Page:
Data & Innovation
State of Reform: Utah launches Healthy Places Index to track and improve health outcomes in disparate areas of the state (10/25) – The Utah Department of Health and Human Services launched a new online map that tracks and compares health data across the state to evaluate country, city, and neighborhood health. The Healthy Places Index, which is part of the state’s efforts to understand how geography, environment, and SDOH affect health outcomes, uses data and input from nearly 100 industry and community partners across the state, scoring eight community conditions such as housing, social and health care access, and transportation.
Healthcare Innovations: Civitas Gets Grant to Help Disseminate Gravity Project Standards (10/18) - Civitas Networks for Health received a $1 million award from Robert Wood Johnson Foundation to further the implementation and dissemination of Gravity Project social determinants of health standards. The 12-month project, which kicks off Nov. 1, 2022, will provide opportunity for shared learning, training and technical assistance, and in-person multi-stakeholder convenings.
Center for Health Care Strategies: Words Matter – Strategies to Reduce Bias in Electronic Health Records (October 2022) – Biases and stigmatizing language in the electronic health record (EHR) can be reflected through negative physician or behavioral descriptors of patients, often related to race and ethnicity. Biased language in the EHR can negatively influence a patient’s care across providers. This tool
outlines considerations for providers on how to write EHR notes that promote patient-centered care and dignity.
New Research and Reports
Medical Economics: Hospitals are screening for social determinants of health, but programs, community partnerships lag (10/25) – A recent study
in JAMA Health Forum found that the pandemic sparked public interest in addressing social needs and health systems have made substantial investments to do so. Among the hospitals surveyed, 64 percent reported strategies for three areas: screening for SDOH, creating programs or interventions to address those, or working with external community partners to address SDOH. The results also suggest that rural hospitals, critical access hospitals, and safety net hospitals are not doing more, and in some cases, are engaging in fewer strategies to address SDOH of their populations, largely due to resource constraints.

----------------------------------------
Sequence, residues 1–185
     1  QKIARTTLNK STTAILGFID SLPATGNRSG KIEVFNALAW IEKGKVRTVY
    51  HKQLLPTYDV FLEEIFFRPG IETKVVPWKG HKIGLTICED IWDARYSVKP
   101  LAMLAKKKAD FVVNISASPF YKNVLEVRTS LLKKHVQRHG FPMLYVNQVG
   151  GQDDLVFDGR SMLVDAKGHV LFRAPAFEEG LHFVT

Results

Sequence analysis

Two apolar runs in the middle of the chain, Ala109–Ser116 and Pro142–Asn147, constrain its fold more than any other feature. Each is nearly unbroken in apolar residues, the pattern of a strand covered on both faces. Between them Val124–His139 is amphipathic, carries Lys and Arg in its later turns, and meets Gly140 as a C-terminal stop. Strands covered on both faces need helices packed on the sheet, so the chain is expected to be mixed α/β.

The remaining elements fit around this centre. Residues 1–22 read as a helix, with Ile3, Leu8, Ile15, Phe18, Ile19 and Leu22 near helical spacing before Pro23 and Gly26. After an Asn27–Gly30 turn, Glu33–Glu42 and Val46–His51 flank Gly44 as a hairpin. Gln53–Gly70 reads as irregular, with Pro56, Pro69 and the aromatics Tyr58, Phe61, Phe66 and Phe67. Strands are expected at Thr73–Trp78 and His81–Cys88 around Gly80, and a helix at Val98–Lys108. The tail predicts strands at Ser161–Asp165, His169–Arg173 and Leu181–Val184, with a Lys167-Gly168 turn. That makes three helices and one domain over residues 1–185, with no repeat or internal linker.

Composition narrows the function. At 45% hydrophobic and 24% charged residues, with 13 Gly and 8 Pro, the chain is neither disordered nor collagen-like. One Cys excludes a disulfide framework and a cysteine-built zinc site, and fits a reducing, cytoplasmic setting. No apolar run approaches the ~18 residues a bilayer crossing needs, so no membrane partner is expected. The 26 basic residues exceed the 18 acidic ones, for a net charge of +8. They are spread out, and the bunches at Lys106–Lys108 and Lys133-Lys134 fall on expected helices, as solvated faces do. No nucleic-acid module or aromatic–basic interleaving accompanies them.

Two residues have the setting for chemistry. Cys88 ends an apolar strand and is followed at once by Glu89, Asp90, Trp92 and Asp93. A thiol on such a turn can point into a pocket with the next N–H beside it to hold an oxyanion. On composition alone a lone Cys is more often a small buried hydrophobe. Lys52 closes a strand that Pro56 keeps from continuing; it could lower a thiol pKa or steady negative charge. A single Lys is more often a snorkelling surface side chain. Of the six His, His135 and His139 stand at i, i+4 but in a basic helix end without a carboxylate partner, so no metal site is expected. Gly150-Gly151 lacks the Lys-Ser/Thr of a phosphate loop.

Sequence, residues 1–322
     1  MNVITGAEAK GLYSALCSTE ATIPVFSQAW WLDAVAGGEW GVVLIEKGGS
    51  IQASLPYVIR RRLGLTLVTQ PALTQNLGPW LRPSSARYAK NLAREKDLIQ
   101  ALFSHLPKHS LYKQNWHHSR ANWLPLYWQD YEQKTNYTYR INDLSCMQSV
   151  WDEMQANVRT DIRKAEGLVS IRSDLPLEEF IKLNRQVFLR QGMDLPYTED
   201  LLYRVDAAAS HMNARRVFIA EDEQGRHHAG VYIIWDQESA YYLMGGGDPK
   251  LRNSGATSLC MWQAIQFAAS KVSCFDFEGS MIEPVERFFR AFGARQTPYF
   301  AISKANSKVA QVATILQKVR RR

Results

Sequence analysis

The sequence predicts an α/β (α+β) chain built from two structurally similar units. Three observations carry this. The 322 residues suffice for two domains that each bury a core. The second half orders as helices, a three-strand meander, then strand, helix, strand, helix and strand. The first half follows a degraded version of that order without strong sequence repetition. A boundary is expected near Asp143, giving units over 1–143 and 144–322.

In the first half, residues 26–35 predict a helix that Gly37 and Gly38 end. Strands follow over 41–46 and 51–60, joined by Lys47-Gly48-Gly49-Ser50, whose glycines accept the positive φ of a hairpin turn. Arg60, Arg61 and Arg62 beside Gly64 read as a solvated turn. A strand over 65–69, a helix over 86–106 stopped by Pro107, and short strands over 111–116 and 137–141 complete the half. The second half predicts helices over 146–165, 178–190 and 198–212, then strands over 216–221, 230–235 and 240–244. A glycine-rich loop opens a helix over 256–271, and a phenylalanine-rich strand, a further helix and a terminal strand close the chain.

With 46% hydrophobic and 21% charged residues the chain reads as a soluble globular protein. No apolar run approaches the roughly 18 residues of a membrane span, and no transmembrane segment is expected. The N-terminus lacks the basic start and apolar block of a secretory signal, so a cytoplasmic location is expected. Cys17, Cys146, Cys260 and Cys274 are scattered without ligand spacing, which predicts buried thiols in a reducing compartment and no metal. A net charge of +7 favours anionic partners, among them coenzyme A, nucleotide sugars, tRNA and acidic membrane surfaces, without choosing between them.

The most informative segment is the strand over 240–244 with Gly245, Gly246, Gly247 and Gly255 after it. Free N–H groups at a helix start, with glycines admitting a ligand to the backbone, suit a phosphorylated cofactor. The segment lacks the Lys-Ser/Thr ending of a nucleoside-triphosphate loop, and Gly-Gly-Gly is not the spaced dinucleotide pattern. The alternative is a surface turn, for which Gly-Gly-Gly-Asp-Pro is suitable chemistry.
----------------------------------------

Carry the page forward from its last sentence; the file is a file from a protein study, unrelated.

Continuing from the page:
State of Reform: Survey finds majority of Texans believe more state funding for SDOH is needed (10/19) – According to results of a new state survey by the Episcopal Health Foundation, 56 percent of Texans say health insurance should cover non-medical factors such as access to food and housing. A majority (65 percent) of respondents also said more state funding to address these factors would improve people’s health. Support for more spending was highest among Black (72 percent), Hispanic (75 percent), and younger (76 percent of the 18-29 age group) Texans surveyed.
Tufts Now: Medically Tailored Meals Could Save U.S. Nearly $13.6B Per Year (10/17) – Researchers at Tufts University conducted a study
finding that, alongside cost savings of $13.6 billion each year, expanding programs that prepare and deliver medically tailored meals for patients with serious illnesses could help avoid 1.6 million hospitalizations annually. Medically tailored meal programs, which typically deliver 10 healthy meals per week that are customized and fully prepared for individuals living with advanced illnesses, could result in $185.1 billion less in health care spending and 18.3 million hospitalizations averted over a 10 year period.
Cancer Reports: Association of neighborhood-level SDOH with psychosocial distress in patients newly diagnosed with lung cancer (10/17) - Patients with lung cancer experience high rates of psychosocial distress. They are also more likely to have unresolved, unmet social needs which may contribute to psychosocial distress. Despite this, neighborhood-level social determinants of health in relation to psychosocial distress have not been adequately investigated in patients with lung cancer. This study examines the association between neighborhood-level SDOH and psychosocial distress among a sample of newly diagnosed patients with lung cancer.